Mobile Display Revenue to Surpass Television Displays This Year
Many households these days are full of electronics. We have laptops, monitors, televisions, tablets, handheld gaming devices, and smartphones, and each one is equipped with a screen. It looks like 2014 will be the first year, according to a report from NPD DisplaySearch, that display manufacturers will make more money from mobile displays than from television screens. The mobile display category encompasses mobile phones, tablets, and laptop computers.
According to NPD DisplaySearch’s predictions, mobile displays are expected to rake in 42 percent of the revenue of the flat panel display market this year. Televisions, by comparison, are expected to account for only 37 percent. This will be the first time in eight years that televisions have landed on the list in a position other than first place.
AppleInsider quoted NPD DisplaySearch executive David Hsieh as saying, “With strong growth in tablet PCs, high-end notebooks, and smartphones — especially high resolution and wide-viewing angle displays — mobile devices are leading the growth of the FPD industry. Mobile devices are expected to expand their revenue lead over LCD TV in the years to come, accounting for nearly half of all FPD revenue by 2016.”
On that note, AppleInsider reports that “Sales of television panels are expected to drop by $4 billion year-over-year while mobile panels will likely increase by a comparable amount.” Part of the reason mobile displays are raking in so much money is that their pixel-dense displays cost more to make than the less-pixel-dense displays on older devices.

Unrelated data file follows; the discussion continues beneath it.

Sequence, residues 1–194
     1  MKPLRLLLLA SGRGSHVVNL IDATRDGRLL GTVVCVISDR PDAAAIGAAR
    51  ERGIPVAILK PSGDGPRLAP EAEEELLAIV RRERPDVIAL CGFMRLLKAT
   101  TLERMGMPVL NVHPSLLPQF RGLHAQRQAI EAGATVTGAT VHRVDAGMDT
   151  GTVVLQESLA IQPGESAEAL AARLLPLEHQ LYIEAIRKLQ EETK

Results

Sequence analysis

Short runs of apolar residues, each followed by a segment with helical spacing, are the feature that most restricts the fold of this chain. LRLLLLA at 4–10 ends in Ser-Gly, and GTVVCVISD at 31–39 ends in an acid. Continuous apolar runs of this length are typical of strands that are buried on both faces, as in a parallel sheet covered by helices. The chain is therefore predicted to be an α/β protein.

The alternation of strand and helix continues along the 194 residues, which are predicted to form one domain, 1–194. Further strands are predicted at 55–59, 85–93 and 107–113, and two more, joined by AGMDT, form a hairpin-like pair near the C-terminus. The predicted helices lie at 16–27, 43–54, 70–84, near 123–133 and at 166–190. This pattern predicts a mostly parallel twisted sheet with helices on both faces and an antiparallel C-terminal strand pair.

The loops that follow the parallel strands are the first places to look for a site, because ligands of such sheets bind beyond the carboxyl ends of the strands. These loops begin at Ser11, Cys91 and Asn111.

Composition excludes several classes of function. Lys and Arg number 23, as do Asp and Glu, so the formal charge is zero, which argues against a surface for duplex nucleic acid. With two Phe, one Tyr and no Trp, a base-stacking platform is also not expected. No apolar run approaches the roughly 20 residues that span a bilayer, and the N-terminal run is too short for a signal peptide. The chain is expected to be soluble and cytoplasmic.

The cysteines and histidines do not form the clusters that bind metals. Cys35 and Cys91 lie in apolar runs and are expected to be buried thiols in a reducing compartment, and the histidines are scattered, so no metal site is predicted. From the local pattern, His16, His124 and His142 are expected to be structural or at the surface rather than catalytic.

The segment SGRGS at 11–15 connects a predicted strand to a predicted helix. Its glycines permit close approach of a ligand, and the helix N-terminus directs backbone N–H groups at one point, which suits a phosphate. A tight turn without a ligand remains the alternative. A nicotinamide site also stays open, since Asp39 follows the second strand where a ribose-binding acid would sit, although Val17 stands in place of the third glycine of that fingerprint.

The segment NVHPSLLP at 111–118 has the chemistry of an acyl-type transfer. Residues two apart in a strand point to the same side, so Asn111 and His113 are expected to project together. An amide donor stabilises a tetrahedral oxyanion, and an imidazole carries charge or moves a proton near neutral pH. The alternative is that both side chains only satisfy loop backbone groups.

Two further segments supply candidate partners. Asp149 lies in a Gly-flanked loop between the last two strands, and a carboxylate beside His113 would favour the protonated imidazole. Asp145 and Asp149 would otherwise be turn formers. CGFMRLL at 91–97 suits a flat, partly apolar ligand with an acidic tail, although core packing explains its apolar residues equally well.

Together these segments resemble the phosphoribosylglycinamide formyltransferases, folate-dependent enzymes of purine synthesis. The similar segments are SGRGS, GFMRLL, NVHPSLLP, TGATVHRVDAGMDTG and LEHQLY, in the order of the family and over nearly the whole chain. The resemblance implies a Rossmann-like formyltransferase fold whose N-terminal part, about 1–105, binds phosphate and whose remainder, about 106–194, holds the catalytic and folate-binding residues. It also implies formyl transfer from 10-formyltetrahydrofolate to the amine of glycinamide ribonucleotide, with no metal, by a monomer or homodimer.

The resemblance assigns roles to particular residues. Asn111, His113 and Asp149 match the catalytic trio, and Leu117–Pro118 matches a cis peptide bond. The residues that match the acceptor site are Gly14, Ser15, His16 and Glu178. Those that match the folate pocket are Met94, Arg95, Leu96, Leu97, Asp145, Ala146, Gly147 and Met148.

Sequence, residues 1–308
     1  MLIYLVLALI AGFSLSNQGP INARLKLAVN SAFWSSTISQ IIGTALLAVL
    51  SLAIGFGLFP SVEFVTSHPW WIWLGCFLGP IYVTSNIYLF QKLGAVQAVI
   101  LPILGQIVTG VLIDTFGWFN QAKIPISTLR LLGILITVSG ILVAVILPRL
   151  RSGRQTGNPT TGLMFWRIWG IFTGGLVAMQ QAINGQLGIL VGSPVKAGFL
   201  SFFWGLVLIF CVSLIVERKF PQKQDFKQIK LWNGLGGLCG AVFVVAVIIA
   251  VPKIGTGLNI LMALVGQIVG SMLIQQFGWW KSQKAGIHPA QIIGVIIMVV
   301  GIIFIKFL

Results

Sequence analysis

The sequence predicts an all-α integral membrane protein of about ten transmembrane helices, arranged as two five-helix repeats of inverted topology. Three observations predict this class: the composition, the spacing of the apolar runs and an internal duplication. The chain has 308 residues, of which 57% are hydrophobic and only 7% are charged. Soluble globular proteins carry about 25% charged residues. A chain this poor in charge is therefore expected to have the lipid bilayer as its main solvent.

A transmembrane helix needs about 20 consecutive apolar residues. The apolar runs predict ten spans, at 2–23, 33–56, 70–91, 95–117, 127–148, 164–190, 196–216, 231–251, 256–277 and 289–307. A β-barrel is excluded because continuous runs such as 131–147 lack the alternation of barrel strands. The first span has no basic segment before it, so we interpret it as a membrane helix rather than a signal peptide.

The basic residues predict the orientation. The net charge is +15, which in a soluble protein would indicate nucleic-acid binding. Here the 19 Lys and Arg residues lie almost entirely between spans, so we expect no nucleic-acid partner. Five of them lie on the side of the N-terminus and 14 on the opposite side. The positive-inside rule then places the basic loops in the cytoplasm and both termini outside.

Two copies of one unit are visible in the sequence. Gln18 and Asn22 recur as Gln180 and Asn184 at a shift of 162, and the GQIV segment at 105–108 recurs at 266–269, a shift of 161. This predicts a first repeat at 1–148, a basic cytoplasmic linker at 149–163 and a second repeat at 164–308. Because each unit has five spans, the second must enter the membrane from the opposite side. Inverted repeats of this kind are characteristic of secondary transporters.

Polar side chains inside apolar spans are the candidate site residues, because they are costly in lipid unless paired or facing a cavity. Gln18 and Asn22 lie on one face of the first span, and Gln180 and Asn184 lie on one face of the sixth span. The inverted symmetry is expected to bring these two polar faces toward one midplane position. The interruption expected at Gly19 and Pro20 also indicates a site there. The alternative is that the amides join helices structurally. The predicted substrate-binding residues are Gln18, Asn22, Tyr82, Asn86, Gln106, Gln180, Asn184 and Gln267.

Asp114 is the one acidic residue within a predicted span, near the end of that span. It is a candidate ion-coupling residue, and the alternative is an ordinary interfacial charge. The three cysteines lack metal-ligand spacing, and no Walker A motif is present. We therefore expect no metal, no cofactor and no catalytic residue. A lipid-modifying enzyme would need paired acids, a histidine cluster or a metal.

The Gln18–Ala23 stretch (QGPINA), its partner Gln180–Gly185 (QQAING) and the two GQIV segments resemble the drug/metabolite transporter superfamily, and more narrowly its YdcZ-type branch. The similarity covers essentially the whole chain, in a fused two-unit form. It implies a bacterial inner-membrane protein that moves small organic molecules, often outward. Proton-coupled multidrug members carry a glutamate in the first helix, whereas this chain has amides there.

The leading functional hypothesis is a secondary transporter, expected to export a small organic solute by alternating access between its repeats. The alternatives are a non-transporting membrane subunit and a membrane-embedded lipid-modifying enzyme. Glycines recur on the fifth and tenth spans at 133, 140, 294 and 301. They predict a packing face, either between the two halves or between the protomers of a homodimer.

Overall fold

But there’s no doubt that television sales are slowing down. One problem is that, over the past decade, many households have installed flatscreen TVs capable of displaying HD content. Since these TVs are seen as “good enough,” TV sales have dropped, particularly for televisions with displays over 40 inches in size. The television industry has also faced an uphill battle trying to entice customers to buy 3-D televisions, or TVs with Ultra HD 4K displays. According to Computerworld, TV sales shrank nearly 10 percent last year, while the average price for a big-screen smart TV fell 3 percent. That spells bad news for television manufacturers, especially as more and more people watch TV shows and movies on their smartphones and tablets.
Children especially are viewing content on mobile devices. According to a report by Common Sense Media, in the United States, the percentage of children ages 8 and under using mobile devices has almost doubled in the last two years. Not only that, but kids are spending an increasing amount of time per day using mobile devices, while their use of traditional screen-based entertainment, like televisions and computers, has declined. If these trends continue, and children maintain these habits as they grow up, television sales may not spring back for a long time, if ever.
As for the increasingly large mobile slice of the pie, the two big winners so far are Samsung and Apple. In the U.S., according to the NPD Group, Apple had a 42 percent marketshare in the fourth quarter of last year, while Samsung had 26 percent. The next closest competitors were Motorola and LG, with about 8 percent each. On a global scale, however, Samsung leads with 32.3 percent of the marketshare last year, while Apple has about 15.5 percent.